Understandably, Mr Obama has been hesitant to deploy anything more than military advisers to confront Iraq’s current crisis. To say it would be a hard sell to American voters in a mid-term election year is a tremendous understatement. Likewise, if President Obama declares the prospect of a terrorist state in Iraq a severe enough threat to merit military action, he would commit the biggest volte-face of any president in recent history.

But if the appetite for intervention is poor in America, it is destitute in America’s main ally, where there is the added perception that Iraq was somebody else’s problem. The popular sentiment in Britain is that former Prime Minister Tony Blair sacrificed British interests to be seen as the US’ partner and made the UK a target of Islamist terrorism. Mr Blair has faced a trial-like examination from the official government inquiry into the Iraq War, whose main focus is on why and how Britain got involved, and which is currently under pressure to publish all of the pre-war correspondence between Tony Blair and George W. Bush.

The vilification of Tony Blair runs so deep that when he voices his opinions on Syria and the present Iraq crisis, the British media, both liberal and conservative, caricature him as an unrepentant hawk. Political leaders and commentators who might agree with his views have carefully distanced themselves from him.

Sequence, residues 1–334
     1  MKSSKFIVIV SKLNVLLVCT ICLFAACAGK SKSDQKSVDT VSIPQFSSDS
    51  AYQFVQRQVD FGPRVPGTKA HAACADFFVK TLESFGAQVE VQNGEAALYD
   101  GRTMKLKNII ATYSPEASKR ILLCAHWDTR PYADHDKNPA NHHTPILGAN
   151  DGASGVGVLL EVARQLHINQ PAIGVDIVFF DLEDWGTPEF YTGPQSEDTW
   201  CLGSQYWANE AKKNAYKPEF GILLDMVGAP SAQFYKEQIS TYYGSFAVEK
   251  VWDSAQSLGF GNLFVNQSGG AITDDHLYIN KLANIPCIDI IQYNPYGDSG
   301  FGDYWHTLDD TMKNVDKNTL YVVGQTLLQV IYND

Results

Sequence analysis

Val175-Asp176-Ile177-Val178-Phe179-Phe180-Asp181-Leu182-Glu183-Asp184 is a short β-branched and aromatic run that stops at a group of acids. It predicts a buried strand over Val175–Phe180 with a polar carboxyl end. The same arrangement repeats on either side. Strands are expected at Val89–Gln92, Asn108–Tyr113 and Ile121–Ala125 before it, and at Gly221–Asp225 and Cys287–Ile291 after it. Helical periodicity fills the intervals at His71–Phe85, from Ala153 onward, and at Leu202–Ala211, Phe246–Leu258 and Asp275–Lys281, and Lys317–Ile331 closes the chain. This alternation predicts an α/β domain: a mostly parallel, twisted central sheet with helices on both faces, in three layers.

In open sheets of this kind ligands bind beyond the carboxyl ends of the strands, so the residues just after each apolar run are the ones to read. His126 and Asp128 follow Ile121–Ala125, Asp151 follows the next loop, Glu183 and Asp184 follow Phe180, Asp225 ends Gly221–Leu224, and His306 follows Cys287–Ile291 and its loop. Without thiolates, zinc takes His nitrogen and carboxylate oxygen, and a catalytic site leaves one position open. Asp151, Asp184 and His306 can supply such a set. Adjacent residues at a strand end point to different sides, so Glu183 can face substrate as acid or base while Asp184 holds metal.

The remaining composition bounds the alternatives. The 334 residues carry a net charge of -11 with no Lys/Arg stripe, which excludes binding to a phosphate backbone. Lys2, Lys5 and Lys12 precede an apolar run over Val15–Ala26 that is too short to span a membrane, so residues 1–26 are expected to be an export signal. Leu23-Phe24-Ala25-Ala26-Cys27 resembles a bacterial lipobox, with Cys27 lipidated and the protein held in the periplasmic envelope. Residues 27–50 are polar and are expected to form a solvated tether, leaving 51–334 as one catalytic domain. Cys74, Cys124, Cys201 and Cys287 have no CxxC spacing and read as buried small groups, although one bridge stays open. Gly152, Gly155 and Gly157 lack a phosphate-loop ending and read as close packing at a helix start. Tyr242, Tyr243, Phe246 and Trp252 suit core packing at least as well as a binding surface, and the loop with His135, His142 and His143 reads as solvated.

Additionally, Britain’s exit from Iraq was marked by humiliation. The US could withdraw with dignity after major victories over ISIS’ predecessor, and triumphs in a proxy war with Iran, having forced the Iranian-trained Mahdi Army to disarm and engage with the Iraqi government through peaceful political channels.

Britain’s withdrawal followed the rapid disintegration of security in Basra, under British control, at the hands of Shia militias competing for control of the territory. It signalled that the UK was “cutting and running”, leaving the US to pick up the pieces, and that British armed forces had been defeated by a technologically inferior foe.  Whereas at the start of the occupation, US commanders were keen to follow the example of their British counterparts, more experienced in counter-insurgency from Northern Ireland, by the end they analysed the British example as a case-study of what not to do. These wounds are still sore, and British military prestige has yet to recover.